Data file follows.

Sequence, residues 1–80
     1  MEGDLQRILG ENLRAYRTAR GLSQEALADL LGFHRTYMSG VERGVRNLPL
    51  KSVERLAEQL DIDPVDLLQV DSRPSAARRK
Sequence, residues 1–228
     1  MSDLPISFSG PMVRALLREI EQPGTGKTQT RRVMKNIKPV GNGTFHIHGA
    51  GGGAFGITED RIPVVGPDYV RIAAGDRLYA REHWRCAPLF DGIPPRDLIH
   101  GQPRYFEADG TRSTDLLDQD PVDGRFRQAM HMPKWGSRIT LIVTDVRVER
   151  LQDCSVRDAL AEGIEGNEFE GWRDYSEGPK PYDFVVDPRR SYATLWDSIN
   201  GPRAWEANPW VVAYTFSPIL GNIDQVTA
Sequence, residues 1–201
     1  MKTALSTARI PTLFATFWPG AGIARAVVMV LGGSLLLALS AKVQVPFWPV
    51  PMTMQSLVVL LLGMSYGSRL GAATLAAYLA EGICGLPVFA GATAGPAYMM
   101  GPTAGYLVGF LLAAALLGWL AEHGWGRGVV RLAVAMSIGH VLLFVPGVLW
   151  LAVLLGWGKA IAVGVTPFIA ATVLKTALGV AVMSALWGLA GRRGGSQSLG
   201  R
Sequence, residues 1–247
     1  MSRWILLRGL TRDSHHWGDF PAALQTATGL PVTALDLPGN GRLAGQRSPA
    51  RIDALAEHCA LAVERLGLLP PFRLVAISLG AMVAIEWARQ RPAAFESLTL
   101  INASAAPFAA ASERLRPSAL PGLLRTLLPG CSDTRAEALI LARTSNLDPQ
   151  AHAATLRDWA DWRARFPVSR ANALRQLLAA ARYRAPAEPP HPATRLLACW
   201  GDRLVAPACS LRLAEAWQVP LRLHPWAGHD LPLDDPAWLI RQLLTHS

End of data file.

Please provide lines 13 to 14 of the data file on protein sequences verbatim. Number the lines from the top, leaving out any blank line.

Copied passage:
   101  GPTAGYLVGF LLAAALLGWL AEHGWGRGVV RLAVAMSIGH VLLFVPGVLW
   151  LAVLLGWGKA IAVGVTPFIA ATVLKTALGV AVMSALWGLA GRRGGSQSLG